Street Sleeper

I do like a good juxtaposition, and they don’t get much better than this.

Street Sleeper

Click to enlarge, then click again

A juxtaposition occurs when you place side-by-side two objects that wouldn’t normally be seen together. Doing so emphasises the properties of each object by contrasting it with the other. Imagine that you’re at a fashion show, watching (allegedly) glamorous models striding down the catwalk: after seeing the fiftieth fancy outfit they all start to blur together and none stands out. Suddenly, a car mechanic dressed in oily overalls appears in the middle of the line of models and strolls along with them. Now you are acutely aware of the fancy femininity of the models’ outfits because when they are juxtaposed with plain, dirty overalls your senses are awakened. Moreover, you notice the overalls far more than you do when you walk into a garage, and you’re likely to think about the differences between the lifestyles of models and mechanics. The juxtaposition has made you much more aware of the nature of models and the nature of mechanics, and done so on more than one level. If you made a photo that showed the mechanic among the models the juxtaposition would make the viewers engage with the photo, i.e. spend longer looking at it. To put it another way, the photo would be far, far more interesting than one of models on a catwalk. Successful (i.e. appealing) photos are ones that people emotionally engage with and spend time looking at, and a juxtaposition can make a photo successful.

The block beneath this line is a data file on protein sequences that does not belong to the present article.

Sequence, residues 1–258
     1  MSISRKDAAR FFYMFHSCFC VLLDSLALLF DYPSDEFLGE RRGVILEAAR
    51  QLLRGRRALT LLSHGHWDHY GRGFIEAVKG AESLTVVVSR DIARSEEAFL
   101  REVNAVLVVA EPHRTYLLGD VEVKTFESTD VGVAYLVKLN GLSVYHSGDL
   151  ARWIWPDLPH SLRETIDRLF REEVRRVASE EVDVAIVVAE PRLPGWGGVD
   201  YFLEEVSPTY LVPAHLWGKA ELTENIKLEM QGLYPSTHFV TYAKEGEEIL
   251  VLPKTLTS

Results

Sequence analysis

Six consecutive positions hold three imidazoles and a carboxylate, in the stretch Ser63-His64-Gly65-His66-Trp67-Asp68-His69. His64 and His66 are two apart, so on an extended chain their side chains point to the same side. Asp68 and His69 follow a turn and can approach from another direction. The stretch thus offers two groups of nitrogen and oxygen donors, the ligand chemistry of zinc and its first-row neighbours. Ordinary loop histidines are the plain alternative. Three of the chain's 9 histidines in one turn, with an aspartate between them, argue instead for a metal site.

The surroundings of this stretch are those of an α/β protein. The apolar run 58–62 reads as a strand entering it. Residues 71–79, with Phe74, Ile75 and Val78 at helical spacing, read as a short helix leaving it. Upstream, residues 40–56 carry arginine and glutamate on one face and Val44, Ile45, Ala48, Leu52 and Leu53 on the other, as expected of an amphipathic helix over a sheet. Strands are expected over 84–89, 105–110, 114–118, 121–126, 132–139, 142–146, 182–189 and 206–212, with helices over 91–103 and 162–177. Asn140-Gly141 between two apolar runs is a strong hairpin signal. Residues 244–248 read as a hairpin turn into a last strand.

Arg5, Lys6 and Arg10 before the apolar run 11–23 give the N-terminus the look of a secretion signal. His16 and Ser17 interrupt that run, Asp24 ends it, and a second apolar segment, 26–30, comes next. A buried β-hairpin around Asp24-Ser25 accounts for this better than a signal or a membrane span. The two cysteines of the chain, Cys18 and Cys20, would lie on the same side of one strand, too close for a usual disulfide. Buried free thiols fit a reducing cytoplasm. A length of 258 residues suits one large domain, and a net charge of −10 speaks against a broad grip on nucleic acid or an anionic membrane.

Superb Steve McCurry slideshow

Click on the four arrows to go full screen. If you’re on a slow internet connection click “HD”, but keep the “HD” blue if you can.

Hat tip TOP.


Photo Trip: Viaduct Harbour 5-9-09 

On Saturday 5-9-09 I went hunting for street photos at the Viaduct Harbour in downtown Auckland, New Zealand (click here to view a map of this trip).

After getting off the train at Britomart (click here for photos of that most unusual railway station) I went over to the Ferry Building, which is a pile that was done in the Imperial Baroque style and completed in 1912:

Click on the photo for a larger view, then click again

Click on the photo for a larger view, then click again

Outside the Ferry Building I caught this lady unawares…

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Click on the photo for a larger view, then click again

It’s times like that I’m grateful for a near-silent camera; she had no idea that I’d taken her photo, despite the fact that I was less than an arm’s length away. I’m almost certain that the book is in French. I then found this little girl who thought that dancing backwards was a great lark…

Click on the photo for a larger view, then click again

Click on the photo for a larger view, then click again